24. The only question for consideration is whether the assessee made any payment for the acquisition of this enduring asset or not. Mr. S. Padmanabhan, learned counsel for the assessee-company repeatedly contended before us that even though under the agreement the assessee-company had acquired a capital asset, the assessee-company had not made any payment to the English Company for the services rendered in setting up the factory and the payment which the assessee-company made was only for the production of the licensed products and not for anything else. We are unable to accept this argument for more than one reason. We have already referred to the terms of the agreement and clause 4 of the agreement expressly contemplates the English Company supplying all technical information and know-how to the assessee-company for setting up a plant for the manufacture of the licensed products. We have also extracted sub-clause (a) of clause 12 which uses the expression. "In consideration of the information to be furnished and services to be rendered" to the new company (assessee-company) by JWS (the English Company in general terms, without restricting it towards manufacture of licensed products. Therefore a combined reading of clause 4 and clause 12 will lead to the result that the royalty whose payment is, provided for, in clause 12 was in consideration of the information furnished and the services rendered by the English Company to the assessee-company, which information and services were not confined only to the production of the licensed products, but extended also to the setting up of the factory itself. In view of this, the conclusion is inescapable that the payment made by the assessee company as royalty to the English Company had in it an element of capital expenditure embedded, and the only question was what should be the percentage of that element. The Tribunal has found as a fact 25% arrived at by the Department was a reasonable percentage, and there was no argument relating to this percentage before us.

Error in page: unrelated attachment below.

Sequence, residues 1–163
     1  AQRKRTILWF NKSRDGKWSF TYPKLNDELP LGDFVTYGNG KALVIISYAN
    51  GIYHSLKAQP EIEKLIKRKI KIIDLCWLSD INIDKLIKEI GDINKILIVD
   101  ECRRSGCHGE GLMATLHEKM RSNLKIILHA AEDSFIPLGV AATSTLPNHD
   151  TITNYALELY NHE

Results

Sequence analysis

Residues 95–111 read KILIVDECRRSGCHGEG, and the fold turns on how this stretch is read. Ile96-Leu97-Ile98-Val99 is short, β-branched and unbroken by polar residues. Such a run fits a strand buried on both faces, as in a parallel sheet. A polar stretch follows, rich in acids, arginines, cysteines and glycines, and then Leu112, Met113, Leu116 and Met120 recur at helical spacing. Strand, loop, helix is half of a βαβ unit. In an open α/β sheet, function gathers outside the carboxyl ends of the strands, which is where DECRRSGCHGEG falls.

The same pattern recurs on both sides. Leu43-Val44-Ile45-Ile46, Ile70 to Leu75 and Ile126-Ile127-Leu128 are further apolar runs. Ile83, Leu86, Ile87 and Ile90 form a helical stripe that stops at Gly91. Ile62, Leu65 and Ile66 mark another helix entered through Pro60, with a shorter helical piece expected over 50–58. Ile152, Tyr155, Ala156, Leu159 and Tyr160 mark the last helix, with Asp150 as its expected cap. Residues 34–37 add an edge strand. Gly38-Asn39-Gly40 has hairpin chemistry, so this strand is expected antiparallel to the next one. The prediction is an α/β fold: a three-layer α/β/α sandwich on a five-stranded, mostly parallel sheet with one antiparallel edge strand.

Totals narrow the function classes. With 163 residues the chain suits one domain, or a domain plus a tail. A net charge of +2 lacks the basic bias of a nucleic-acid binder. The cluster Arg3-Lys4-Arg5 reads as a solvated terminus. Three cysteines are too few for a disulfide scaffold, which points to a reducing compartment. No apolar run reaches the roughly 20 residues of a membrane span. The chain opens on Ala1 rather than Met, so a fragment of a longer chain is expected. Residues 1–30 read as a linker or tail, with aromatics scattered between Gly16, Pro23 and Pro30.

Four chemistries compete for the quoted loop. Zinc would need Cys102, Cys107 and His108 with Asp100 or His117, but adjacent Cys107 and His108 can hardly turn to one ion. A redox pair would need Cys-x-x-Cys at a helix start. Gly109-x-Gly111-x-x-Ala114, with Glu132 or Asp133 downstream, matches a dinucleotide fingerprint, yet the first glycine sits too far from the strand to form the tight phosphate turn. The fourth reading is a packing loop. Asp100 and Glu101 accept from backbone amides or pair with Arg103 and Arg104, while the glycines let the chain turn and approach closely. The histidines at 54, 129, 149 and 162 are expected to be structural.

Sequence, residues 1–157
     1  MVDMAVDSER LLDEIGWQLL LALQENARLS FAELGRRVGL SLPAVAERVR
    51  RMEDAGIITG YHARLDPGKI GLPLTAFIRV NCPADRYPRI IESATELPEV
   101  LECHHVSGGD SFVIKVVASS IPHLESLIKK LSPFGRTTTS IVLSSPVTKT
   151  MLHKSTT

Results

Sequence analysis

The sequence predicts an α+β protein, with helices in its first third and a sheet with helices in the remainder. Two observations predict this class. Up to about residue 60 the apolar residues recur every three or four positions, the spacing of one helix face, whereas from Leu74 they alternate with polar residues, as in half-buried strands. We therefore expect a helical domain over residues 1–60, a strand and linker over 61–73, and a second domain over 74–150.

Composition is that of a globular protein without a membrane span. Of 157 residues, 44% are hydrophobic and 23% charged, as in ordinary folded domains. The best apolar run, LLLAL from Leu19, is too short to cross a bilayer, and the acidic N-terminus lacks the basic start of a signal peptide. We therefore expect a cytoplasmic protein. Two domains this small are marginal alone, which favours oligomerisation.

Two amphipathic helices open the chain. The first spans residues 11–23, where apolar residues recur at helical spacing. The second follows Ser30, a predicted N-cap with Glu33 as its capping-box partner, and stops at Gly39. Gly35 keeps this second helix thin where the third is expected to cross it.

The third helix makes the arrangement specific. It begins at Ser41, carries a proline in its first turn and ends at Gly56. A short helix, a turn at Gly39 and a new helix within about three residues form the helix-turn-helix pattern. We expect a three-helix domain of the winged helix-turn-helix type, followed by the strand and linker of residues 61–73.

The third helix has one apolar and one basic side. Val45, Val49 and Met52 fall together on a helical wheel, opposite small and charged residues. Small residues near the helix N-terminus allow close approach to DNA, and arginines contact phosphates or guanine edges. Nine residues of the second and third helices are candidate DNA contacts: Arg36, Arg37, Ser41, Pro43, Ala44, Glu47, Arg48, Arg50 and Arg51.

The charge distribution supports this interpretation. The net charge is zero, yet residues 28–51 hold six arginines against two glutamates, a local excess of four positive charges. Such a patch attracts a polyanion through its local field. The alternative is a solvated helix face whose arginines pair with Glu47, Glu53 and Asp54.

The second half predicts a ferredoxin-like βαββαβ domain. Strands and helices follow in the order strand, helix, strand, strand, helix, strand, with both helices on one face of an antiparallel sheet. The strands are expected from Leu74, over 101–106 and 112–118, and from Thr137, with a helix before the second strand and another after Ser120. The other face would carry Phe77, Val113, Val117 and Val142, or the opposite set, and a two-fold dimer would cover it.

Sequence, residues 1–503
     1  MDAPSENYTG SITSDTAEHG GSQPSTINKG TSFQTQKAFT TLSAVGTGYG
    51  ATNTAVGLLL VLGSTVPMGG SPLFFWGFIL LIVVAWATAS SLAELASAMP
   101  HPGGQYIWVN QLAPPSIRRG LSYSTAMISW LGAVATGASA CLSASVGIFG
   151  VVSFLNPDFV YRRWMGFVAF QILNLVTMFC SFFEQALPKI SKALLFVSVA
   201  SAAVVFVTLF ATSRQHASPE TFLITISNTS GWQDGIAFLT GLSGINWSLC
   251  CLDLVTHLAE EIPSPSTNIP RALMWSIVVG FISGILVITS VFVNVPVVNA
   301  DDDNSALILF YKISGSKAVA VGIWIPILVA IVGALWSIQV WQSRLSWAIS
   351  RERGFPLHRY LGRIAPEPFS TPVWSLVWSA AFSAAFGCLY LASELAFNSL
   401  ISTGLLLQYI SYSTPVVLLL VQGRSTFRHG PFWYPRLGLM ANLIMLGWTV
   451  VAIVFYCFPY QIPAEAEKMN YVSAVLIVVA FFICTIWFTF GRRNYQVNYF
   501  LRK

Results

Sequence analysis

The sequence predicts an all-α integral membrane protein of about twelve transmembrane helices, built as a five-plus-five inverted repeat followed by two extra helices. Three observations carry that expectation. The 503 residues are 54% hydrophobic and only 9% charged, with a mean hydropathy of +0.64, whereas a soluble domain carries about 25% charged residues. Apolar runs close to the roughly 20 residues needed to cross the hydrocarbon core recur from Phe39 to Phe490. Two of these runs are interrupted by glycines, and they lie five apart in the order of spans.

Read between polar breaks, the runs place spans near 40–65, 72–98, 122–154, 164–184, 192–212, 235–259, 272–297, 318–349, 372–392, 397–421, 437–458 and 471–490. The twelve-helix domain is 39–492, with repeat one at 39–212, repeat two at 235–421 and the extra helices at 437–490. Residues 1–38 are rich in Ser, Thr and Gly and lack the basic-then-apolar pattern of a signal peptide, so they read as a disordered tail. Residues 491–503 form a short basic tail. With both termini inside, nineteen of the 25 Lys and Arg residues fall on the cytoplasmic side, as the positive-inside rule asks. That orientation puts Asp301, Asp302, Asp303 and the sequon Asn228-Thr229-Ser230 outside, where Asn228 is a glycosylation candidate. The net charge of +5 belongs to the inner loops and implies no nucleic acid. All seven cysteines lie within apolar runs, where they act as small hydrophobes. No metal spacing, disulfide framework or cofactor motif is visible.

25. For coming to the conclusion which we have come to we are not relying exclusively on the absence of any provision in the agreement that the services rendered and information furnished for the setting up of the factory were free as contended by the learned counsel for the assessee, but we are drawing the inference form the combined effect of the clauses contained in the agreement, to the most important of which we have already drawn attention. It is worthwhile to refer to one other feature. We have already referred to the form of the User agreement annexed to the agreement in question. Clause 4 of the said User Agreement annexed to the agreement in question stated that there was no royalty or other remuneration payable by the new company, that is, the assessee-company to the English Company for the rights granted to the assessee-company under that agreement. This will make it clear that what was provided for in clause 12 rights was not the remuneration for user of the rights granted by the English Company but a composite payment for all the services rendered and information furnished by the English Company to the assessee-company in the setting up of the factory as well as the manufacture of the licensed products in that factory.

26. In view of these features present in the case, we are clearly of the opinion that the answer to the question referred to this Court must be in the affirmative and in favour of the Revenue. We accordingly answer the question in the affirmative and in favour of the Revenue.

27.We have not referred to any decided cases, because in reply to the specific question put to the learned counsel for the assessee-company, the learned counsel stated that there is no direct decision of any court on an agreement similar to the one in the present case and dealing with the claim to apportion the payment partly as capital and partly as revenue.

28. The Department will be entitled to its costs of this reference. Counsel's fee Rs. 500/- (Rupees five hundred only).

29. Answer in the affirmative.